- The reduction of the expenses of the Government under Mr. Buchanan's administeration -- the expedition to Utah -- the Covode Committee.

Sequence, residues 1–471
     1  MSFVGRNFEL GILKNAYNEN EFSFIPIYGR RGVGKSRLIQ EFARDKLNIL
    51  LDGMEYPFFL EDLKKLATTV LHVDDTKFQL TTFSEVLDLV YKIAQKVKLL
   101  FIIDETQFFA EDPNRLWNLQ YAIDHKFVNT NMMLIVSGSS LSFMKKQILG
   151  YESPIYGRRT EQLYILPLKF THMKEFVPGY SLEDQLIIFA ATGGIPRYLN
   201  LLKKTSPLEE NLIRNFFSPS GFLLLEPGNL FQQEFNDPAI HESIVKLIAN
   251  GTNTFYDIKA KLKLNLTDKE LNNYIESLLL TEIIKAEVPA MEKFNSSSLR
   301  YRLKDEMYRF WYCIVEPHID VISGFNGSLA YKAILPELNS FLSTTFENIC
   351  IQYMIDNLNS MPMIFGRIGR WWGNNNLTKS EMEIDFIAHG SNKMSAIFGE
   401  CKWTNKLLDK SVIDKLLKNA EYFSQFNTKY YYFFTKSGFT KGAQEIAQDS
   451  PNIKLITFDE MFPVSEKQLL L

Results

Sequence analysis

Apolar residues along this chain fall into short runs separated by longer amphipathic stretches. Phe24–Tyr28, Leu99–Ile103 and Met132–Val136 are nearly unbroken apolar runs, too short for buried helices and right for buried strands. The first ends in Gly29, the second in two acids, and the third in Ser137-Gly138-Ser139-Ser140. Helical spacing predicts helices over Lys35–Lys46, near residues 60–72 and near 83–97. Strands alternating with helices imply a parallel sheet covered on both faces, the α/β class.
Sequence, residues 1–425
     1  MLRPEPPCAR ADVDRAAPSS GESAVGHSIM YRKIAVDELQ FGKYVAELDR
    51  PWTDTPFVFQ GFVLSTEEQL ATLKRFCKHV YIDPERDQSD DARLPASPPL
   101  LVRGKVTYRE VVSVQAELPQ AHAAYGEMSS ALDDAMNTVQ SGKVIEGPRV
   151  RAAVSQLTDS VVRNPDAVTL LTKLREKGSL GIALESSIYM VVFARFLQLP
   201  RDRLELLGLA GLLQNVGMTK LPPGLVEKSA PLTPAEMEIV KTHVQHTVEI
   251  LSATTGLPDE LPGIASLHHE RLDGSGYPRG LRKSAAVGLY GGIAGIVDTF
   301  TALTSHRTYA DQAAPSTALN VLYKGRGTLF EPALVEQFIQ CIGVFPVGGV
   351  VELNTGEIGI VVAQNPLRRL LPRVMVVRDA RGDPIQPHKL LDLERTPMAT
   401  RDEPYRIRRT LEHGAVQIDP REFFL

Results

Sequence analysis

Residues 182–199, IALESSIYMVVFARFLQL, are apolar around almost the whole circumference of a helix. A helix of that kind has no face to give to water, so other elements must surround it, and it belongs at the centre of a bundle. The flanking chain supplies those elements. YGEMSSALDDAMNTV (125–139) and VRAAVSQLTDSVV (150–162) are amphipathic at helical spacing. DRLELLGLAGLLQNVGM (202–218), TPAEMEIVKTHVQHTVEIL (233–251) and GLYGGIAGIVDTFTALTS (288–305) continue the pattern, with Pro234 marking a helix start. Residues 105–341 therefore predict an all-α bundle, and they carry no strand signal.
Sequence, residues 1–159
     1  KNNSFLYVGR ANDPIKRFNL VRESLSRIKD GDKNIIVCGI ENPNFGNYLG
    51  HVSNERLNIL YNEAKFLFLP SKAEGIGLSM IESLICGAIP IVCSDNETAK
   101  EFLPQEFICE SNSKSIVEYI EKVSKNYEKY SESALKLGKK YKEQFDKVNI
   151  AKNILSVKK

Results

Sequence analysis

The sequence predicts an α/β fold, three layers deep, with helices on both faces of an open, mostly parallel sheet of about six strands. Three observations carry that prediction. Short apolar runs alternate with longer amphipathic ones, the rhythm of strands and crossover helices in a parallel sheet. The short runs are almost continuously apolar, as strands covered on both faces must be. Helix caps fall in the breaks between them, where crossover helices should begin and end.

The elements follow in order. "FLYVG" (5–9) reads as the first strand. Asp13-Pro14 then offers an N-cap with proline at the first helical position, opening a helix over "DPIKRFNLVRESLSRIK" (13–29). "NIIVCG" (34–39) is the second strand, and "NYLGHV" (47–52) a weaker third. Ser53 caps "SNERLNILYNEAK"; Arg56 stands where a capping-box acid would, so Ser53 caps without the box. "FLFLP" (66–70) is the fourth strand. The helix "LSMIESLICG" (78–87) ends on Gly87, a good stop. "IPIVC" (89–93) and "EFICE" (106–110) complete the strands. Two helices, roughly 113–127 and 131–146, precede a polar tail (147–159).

The rancorous and persistent opposition to Mr. Buchanan's administration throughout its whole term, did not divert it from devoting its efforts to promote the various and important interests intrusted to its charge. Both its domestic and foreign policy proved eminently successful. This appears from the records of the country. We deem it necessary to refer only to a few of the most important particulars The administration succeeded by rigid economy in greatly reducing the expenditures of the Government. To this task Mr. Buchanan had pledged himself in his inaugural. It was no easy work. An overflowing treasury had produced habits of prodigality which it was difficult to correct. Over the contingent expenses of Congress, which had become far more extravagant than those of any other branch of the Government, the President could exercise no control For these the two Houses were exclusively responsible, and they had so far transcended all reasonable limits, that their expenses, though in their nature they ought to have been purely incidental, had far exceeded the whole of the regular appropriation for their pay and mileage. Such was the extent of the abuse, that in the two fiscal years ending respectively on the 30th June, 1858 and 1859, whilst the regular pay and mileage of the members were less than $2,350,000, these contingencies amounted to more than three millions and a half. In the fiscal year ending on the 30th June, 1860, they were somewhat reduced, but still exceeded $1,000,000.  Notwithstanding this extravagance and the large outlay unavoidably incurred for the expedition to Utah, the President succeeded in gradually diminishing the annual expenditures until they were reduced to the sum of $55,402,465.46. We do not mention the cost of the expedition to Paraguay, because, through the careful management of the Secretary of the Navy, this amounted to very little more than the ordinary appropriation for the naval service. This aggregate embraces all the expenses of the Government, legislative, executive, and judicial, for the year ending 30th June, 1860, but not the interest on the public debt. If this, which was $8,177,814, be added, the whole would amount to $58,579,779.46. If to this we should make a liberal addition for appropriations recommended by the War and Navy Departments, as necessary for the defence of the country, but which were rejected by Congress, we shall be able to appreciate justly the correctness of the President's declaration in his annual message of December, 1860, ‘that the sum of $61,000,000, or, at the most, $62,000,000, is amply sufficient to administer the Government and to pay the interest on the public debt, unless contingent events should hereafter render extraordinary expenditures necessary.’ These statements, though made in the message, were never controverted by any member of either House in this hostile Congress. The expenditure was reduced to a much lower figure than the friends of the administration deemed possible. The result was the fruit of rigid economy and strict accountability. All public contracts, except in a very few cases where this was impracticable, were awarded, after advertisement, to the lowest bidder. And yet, in the face of all these facts, the administration of Mr. Buchanan has been charged with extravagance.